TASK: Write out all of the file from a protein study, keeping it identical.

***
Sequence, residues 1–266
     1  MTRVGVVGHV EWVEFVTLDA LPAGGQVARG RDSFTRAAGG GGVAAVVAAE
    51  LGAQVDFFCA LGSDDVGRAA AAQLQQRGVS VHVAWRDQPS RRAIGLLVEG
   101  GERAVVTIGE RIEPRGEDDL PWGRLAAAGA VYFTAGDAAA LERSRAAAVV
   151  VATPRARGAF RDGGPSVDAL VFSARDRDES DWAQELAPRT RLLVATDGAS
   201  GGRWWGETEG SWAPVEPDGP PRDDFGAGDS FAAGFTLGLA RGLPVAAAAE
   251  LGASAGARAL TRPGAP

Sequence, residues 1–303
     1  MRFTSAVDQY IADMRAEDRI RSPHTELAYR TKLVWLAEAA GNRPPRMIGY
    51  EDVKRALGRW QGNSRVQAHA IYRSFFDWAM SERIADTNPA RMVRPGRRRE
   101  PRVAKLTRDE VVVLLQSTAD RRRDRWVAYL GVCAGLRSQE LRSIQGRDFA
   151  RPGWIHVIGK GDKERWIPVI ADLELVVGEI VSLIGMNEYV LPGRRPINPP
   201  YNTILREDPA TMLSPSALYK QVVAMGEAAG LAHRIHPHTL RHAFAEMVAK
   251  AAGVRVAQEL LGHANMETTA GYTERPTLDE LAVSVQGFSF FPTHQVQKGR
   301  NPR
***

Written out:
Sequence, residues 1–266
     1  MTRVGVVGHV EWVEFVTLDA LPAGGQVARG RDSFTRAAGG GGVAAVVAAE
    51  LGAQVDFFCA LGSDDVGRAA AAQLQQRGVS VHVAWRDQPS RRAIGLLVEG
   101  GERAVVTIGE RIEPRGEDDL PWGRLAAAGA VYFTAGDAAA LERSRAAAVV
   151  VATPRARGAF RDGGPSVDAL VFSARDRDES DWAQELAPRT RLLVATDGAS
   201  GGRWWGETEG SWAPVEPDGP PRDDFGAGDS FAAGFTLGLA RGLPVAAAAE
   251  LGASAGARAL TRPGAP

Sequence, residues 1–303
     1  MRFTSAVDQY IADMRAEDRI RSPHTELAYR TKLVWLAEAA GNRPPRMIGY
    51  EDVKRALGRW QGNSRVQAHA IYRSFFDWAM SERIADTNPA RMVRPGRRRE
   101  PRVAKLTRDE VVVLLQSTAD RRRDRWVAYL GVCAGLRSQE LRSIQGRDFA
   151  RPGWIHVIGK GDKERWIPVI ADLELVVGEI VSLIGMNEYV LPGRRPINPP
   201  YNTILREDPA TMLSPSALYK QVVAMGEAAG LAHRIHPHTL RHAFAEMVAK
   251  AAGVRVAQEL LGHANMETTA GYTERPTLDE LAVSVQGFSF FPTHQVQKGR
   301  NPR